Like most reviewers, I like to think I can write a bit but, could I write a short one scene play that can grab an audience’s attention and make them care about my characters and the story I want to tell in less than 20 minutes? Got to be honest, given how much I waffle on the answer is probably not but that was the conundrum faced by the eight playwrights at the Waterloo East Theatre last night as the West Avenue Theatre Company (http://www.west-avenue.co.uk/) presented “Briefs” the latest in its quarterly new writing nights.
This showcase of new talent was a wonderful example of the importance of fringe and off-west end theatres giving up and coming writers, directors and actors an opportunity to show off their talents to a larger audience than normal. Each playlet was very different in concept and presentation and so without further ado, let’s delve into the show.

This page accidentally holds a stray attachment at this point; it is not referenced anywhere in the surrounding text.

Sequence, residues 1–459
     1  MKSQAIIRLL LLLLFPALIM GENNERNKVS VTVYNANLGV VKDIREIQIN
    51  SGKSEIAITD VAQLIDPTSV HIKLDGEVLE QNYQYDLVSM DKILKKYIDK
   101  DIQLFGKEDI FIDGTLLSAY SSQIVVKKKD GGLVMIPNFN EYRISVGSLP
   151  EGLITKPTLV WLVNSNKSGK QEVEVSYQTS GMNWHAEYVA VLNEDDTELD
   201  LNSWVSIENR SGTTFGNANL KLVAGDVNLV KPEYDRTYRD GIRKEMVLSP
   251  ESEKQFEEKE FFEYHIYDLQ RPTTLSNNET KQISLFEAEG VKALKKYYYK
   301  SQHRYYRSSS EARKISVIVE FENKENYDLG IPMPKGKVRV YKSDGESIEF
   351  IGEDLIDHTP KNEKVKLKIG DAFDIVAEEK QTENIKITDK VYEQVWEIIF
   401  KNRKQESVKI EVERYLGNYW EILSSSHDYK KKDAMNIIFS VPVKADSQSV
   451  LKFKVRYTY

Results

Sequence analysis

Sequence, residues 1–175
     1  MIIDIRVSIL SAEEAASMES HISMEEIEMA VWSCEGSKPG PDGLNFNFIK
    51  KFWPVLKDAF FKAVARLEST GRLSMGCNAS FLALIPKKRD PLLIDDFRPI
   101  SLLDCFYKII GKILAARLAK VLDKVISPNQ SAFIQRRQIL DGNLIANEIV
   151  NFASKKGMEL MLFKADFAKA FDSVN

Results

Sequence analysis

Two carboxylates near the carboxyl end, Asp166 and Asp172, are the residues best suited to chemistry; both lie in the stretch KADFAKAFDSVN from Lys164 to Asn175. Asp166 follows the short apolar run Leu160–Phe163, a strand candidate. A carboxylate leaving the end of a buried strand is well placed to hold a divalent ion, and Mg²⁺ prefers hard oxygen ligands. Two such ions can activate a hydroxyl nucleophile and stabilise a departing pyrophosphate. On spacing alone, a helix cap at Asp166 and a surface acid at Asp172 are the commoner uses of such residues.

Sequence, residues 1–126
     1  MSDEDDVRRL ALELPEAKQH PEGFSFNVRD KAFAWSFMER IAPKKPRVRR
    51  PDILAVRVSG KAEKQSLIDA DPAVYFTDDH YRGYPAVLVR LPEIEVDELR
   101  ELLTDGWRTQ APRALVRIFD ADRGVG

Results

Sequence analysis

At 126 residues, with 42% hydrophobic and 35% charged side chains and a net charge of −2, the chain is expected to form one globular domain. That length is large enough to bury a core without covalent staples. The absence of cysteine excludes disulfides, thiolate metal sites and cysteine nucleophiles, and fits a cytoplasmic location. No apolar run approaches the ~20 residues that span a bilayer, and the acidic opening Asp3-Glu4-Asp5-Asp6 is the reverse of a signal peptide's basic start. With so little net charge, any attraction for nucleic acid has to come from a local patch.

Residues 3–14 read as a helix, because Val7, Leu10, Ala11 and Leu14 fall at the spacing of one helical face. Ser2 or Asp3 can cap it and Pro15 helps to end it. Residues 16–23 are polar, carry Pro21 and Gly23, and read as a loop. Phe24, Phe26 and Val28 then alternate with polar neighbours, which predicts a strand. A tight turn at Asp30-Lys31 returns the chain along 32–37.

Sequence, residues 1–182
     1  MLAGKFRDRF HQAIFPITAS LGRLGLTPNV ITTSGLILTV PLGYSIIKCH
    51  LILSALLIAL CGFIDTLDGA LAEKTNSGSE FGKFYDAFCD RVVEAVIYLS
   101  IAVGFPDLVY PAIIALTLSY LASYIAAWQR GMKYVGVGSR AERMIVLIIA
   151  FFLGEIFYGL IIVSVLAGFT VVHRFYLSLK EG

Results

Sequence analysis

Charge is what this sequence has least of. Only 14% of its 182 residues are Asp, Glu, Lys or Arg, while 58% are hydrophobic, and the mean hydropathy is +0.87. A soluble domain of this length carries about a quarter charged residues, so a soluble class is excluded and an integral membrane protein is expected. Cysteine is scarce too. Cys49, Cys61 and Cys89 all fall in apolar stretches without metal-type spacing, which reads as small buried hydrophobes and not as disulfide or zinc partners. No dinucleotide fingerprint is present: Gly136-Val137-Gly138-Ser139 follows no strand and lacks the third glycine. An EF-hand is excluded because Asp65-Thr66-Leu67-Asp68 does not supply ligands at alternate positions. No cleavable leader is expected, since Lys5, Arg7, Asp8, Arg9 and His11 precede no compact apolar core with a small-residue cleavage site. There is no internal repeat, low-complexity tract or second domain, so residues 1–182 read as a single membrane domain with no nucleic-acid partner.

First up was “Spanx” written by Natalie Lester, which was a very funny story about the realities of Internet dating, the perfidy of men, or one in particular (Sam Saunders) and the loyalty of two women sharing an apartment (Natalie Lester and Rebecca Bentham). It also demonstrates the fact that lazing around in a Superman onesie, lip-syncing to Ru Paul’s Drag Race is not necessarily the best way to spend your evening. A lovely play that quickly established its characters in a very believable and highly comedic situation that many of us will easily recognise
“The Third Nine” by Shaun Kitchener starred Roseanna Morris as a single woman, alone in her bed who is woken up by a mysterious sound and unlike sensible people like me decides not to hide under the duvet and hope it goes away but instead go and investigate. A really nice monologue delivered very effectively by Roseanna, “The Third Nine” would for the most part be familiar to anyone that has ever wandered through their home in the dead of night looking for a phantom sound. In this case, the sound is neither phantom nor what anyone expected and the consequences of the discovery of its source leads to complications for all concerned.